Top U.S. diplomats spent months meeting with Iranians in a series of secret, bilateral negotiations that hammered out most of the details of the nuclear deal with the Islamic republic – an agreement that is being criticized by Israel and some in Congress as giving away too much in exchange for too little.
The talks, most of which were held in Oman, included sitting down face-to-face with representatives from the regime of hardline president Mahmoud Ahmadinejad, the Associated Press has revealed.
On Sunday, Israeli Prime Minister Benjamin Netanyahu called the bargain that Iran reached with the U.S. and the five other world powers ‘a historic mistake.’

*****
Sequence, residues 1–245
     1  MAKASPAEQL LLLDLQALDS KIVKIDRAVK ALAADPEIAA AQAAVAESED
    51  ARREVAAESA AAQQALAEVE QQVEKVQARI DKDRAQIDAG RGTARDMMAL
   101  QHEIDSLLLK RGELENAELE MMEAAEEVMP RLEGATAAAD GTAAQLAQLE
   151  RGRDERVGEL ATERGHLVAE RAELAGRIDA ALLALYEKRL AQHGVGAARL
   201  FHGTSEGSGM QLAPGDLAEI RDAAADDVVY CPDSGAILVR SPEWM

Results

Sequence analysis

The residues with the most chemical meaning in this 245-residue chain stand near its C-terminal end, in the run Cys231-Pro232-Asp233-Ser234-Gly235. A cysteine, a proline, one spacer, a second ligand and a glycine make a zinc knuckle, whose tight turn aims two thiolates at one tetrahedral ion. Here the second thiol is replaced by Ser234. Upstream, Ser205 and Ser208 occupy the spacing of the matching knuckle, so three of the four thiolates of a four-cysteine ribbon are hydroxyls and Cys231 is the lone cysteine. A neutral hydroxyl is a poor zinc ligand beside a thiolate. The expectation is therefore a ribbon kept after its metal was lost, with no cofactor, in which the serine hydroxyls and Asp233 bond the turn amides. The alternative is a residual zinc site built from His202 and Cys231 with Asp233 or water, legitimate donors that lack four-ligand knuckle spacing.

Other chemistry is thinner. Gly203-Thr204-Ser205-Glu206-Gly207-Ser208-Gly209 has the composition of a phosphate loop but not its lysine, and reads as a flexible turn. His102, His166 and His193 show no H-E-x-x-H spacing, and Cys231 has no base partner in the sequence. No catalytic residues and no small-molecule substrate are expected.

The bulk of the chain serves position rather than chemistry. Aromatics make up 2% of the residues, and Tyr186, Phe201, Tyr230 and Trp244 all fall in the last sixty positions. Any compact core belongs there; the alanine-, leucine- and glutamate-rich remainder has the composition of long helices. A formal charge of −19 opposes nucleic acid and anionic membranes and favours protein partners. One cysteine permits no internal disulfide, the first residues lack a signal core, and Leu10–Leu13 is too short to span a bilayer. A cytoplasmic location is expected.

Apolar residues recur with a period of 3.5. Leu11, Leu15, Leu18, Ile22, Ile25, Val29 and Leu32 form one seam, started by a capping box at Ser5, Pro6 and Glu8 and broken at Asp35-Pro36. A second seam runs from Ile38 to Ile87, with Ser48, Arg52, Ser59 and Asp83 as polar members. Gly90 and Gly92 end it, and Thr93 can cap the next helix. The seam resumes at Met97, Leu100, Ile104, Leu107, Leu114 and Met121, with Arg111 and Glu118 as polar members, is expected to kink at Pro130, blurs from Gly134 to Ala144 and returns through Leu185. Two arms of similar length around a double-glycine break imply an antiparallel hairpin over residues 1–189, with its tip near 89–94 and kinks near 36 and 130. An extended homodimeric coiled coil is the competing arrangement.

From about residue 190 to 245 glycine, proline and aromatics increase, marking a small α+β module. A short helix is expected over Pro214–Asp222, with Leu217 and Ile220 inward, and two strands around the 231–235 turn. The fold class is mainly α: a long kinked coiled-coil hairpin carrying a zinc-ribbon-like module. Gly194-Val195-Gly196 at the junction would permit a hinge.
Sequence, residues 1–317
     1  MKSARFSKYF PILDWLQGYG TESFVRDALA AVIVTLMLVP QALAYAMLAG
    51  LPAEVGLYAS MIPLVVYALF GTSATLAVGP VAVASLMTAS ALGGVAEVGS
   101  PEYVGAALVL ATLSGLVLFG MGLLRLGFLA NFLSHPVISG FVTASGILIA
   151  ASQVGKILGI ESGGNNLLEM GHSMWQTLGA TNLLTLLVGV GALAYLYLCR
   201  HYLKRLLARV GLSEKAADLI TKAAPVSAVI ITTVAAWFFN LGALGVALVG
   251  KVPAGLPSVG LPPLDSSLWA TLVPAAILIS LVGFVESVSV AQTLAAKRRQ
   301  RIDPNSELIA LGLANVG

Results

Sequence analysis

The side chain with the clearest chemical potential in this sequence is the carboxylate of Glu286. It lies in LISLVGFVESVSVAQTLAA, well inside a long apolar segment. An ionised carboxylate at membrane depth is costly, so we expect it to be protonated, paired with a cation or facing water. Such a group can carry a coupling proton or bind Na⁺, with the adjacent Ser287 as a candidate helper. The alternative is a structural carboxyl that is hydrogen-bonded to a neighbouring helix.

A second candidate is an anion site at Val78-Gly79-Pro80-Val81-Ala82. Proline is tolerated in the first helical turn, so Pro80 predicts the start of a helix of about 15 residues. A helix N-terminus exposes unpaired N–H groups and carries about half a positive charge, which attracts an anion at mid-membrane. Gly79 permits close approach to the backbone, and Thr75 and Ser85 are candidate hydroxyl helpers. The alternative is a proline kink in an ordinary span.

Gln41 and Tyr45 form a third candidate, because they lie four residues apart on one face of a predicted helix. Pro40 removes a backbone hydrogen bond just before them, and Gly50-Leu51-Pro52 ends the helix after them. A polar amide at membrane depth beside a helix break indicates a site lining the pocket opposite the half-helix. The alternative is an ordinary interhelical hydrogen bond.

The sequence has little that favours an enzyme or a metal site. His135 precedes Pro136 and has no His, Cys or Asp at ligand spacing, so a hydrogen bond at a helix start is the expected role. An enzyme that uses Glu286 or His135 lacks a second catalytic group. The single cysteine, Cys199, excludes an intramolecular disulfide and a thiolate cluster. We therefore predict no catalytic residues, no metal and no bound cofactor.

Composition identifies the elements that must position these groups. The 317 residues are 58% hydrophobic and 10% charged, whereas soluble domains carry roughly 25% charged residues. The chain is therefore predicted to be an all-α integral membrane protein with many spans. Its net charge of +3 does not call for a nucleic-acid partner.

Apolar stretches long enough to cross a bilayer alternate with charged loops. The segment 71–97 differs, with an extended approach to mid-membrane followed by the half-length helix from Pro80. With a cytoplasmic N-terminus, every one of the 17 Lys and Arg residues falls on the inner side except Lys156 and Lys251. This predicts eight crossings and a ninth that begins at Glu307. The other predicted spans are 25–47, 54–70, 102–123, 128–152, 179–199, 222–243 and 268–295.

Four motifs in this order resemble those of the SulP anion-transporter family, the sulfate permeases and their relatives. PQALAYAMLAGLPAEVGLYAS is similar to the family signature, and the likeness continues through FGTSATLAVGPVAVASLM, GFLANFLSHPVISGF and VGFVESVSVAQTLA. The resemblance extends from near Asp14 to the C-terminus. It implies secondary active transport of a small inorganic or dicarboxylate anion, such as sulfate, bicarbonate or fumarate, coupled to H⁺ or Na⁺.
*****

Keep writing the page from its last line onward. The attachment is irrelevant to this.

President Barack Obama phoned Netanyahu from aboard Air Force on Sunday night in an attempt to assuage his fears.
The agreement sees Iran promising to scale back its uranium enrichment – a key precursor to producing a nuclear weapon – for six months in exchange for receiving $7billion in sanctions being lifted.
Netanyahu has long lobbied against the deal because he believes it leaves Iran’s military nuclear capabilities largely intact, while giving Iran relief from painful economic sanctions, undermining negotiations on the next stage.
‘Today the world became a much more dangerous place because the most dangerous regime in the world made a significant step in obtaining the most dangerous weapons in the world,’ Netanyahu told his Cabinet on Sunday.